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Government announces £1m funding boost for antimicrobial resistance research

Government announces £1m funding boost for antimicrobial resistance research
By Jess Hacker
3 June 2021

An extra £1m is being invested in research to support the development of treatments for antibiotic-resistant infections, the Government has announced.

The investment will support programmes carried out by the WHO’s Global Antibiotic Research and Development Partnership (GARDP), including the development of the SECURE initiative – a programme aimed at expanding access to essential antibiotics.

This will include new antibiotics to combat drug-resistant infections, as well as existing medicines that are not widely available or suffer from frequent supply issues and shortages.

According to the Department of Health and Social Care (DHSC), drug-resistant infections kill an estimated 700,000 people a year, with this expected to increase exponentially as drug resistance grows.

Not addressing the issue could ‘result in a future where we are unable to treat common infections such as pneumonia, urinary tract infections and infections in newborns’, it said.

A WHO report on antimicrobial resistance in 2019 also warned that drug-resistant diseases could cause 10 million deaths each year by 2050 and damage to the economy ‘as catastrophic as the 2008-2009 global financial crisis’.

Seamus O’Brien, GARDP director of research and development, said Covid-19 had demonstrated the ‘critical importance of preventing and preparing for pandemics, including the pandemic of drug-resistant infections’.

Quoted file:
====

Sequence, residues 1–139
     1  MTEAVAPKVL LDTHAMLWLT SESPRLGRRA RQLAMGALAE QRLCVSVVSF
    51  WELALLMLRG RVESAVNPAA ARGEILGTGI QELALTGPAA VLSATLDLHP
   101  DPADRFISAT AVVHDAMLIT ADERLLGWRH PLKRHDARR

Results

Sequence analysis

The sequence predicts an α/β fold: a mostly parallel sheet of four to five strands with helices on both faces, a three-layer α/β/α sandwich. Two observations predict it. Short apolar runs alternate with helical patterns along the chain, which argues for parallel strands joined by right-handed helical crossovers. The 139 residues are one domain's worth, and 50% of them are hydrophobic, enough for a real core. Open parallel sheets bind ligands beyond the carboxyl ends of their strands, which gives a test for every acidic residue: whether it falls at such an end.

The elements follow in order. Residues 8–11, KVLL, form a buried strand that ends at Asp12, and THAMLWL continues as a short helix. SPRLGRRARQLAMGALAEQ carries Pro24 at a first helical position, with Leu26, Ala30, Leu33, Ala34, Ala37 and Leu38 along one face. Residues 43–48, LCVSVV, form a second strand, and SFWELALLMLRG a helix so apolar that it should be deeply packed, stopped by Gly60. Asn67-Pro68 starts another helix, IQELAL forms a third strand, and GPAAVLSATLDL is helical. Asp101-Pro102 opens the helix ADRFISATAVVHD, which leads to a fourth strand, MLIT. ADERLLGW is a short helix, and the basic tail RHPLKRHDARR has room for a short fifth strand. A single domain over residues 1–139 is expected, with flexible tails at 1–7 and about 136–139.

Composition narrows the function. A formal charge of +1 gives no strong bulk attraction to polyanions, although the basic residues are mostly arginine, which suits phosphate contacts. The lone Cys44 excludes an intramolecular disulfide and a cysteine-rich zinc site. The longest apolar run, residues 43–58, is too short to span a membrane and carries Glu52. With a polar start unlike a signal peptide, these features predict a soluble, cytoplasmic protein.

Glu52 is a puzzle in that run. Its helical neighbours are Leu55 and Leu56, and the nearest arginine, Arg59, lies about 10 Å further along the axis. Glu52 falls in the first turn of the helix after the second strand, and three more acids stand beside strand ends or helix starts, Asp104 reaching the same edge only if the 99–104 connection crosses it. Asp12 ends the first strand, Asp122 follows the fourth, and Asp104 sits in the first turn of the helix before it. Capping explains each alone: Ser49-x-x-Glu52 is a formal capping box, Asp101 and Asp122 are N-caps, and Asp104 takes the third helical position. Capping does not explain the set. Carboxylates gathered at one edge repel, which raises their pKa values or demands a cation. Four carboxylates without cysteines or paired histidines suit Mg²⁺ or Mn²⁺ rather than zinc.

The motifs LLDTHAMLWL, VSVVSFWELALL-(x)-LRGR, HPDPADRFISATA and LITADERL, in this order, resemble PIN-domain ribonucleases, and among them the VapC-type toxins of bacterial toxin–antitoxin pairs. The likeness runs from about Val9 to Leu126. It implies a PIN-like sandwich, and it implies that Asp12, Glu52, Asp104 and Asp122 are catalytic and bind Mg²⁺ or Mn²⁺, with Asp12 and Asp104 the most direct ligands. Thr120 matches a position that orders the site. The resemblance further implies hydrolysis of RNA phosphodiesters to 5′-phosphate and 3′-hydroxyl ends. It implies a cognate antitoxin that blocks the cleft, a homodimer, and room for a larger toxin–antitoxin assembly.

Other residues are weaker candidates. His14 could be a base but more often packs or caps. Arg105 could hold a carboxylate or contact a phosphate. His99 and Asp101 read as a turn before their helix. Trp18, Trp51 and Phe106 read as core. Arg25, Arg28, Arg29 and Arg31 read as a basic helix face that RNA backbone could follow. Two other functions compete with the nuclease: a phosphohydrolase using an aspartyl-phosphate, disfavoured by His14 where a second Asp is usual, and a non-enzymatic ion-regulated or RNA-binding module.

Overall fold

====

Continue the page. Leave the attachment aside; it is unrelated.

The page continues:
He added: ‘By investing an additional £1m, the UK is again demonstrating leadership in efforts to accelerate the development and delivery of life-changing and life-saving treatments for every person who needs them.’

This comes as a recent study warned that the specific targets on antimicrobial stewardship should be integrated into Covid-19 patient care pathways, after it found that the majority of 49,000 Covid patients hospitalised in the first wave were given antibiotics despite not having a confirmed bacterial infection.

The study, published in The Lancet Microbe, found that among patients with available data, 37% of 36,145 had received antimicrobials in the community before hospital admission, and 85% of 46,051 patients received one or more antibiotics at some point during admission.

 Meanwhile, microbiological investigations were recorded for only 8,649 patients, with ‘clinically significant’ Covid-19-related results recorded in 1,107.

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